Modern beauty, historical accuracy clash in Hollywood

Tattoos, piercings, teeth whitening and even modern exercise routines can take away from the realism of period films like "Lincoln."

Attitudes about tattoos and piercings are changing, except, perhaps, among filmmakers trying to capture historically accurate period pieces.

With body modification gaining broader acceptance in society, more actors and actresses are sporting piercings and ink. The FDA said 21 percent of American adults have tattoos. That poses a pickle for films like "Lincoln," for which Daniel Day-Lewis had to hide the tattoos on his hands and forearms to step into the role of the former president.

But makeup couldn't hide Day-Lewis' ear piercings.

The Chicago Tribune reported that Day-Lewis removed the gold hoops normally hanging from his ears, but the empty piercings are still visible in a few shots in the movie.

And "Lincoln" isn't alone in the struggle between modern fashion and period sensibilities. The Tribune said even the unnatural whiteness of Emma Stone's teeth in "Gangster Squad" deviates from period-correct imagery.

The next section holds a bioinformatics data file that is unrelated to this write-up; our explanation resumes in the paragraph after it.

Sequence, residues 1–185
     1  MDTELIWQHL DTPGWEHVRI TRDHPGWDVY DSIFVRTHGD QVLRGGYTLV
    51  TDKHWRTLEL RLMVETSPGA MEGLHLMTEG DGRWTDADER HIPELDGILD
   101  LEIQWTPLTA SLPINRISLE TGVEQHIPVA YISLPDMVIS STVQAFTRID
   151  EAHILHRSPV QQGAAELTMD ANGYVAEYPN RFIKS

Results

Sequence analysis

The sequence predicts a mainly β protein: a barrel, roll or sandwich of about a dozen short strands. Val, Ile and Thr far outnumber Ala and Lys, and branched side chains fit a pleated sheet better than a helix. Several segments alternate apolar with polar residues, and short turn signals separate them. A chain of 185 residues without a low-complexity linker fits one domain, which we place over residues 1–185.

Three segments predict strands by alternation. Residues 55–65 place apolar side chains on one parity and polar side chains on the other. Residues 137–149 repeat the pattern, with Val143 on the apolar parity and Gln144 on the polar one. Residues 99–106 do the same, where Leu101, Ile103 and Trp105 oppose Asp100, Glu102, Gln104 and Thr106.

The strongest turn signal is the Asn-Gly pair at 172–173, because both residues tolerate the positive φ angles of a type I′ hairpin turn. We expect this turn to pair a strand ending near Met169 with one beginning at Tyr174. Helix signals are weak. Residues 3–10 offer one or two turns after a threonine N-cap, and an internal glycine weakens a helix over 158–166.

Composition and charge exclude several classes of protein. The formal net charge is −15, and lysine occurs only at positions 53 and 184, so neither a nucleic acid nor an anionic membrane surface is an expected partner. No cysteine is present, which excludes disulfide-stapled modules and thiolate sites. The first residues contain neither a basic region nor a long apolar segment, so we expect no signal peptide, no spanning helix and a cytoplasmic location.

Even modern workout routines can dispel the illusion in a period movie, with actors sometimes having to change their weight — even dramatically — to better fit a role.

MTV reported Christian Bale dropped 120 pounds for "The Machinist" and Benicio del Toro gained 40 for "Fear and Loathing in Las Vegas."

But tattoos, piercings and other body modifications are a different matter.

Working World said even non-actors can suffer fewer job prospects if they have tattoos or piercings. Companies are well within their rights to not hire someone because of their body modifications, or to have a dress code that forbids piercings and tattoos.

So what's Hollywood to do? Makeup can help, but even in these more tolerant times, casting directors may go the easier route and opt out of hiring actors with too many modifications.


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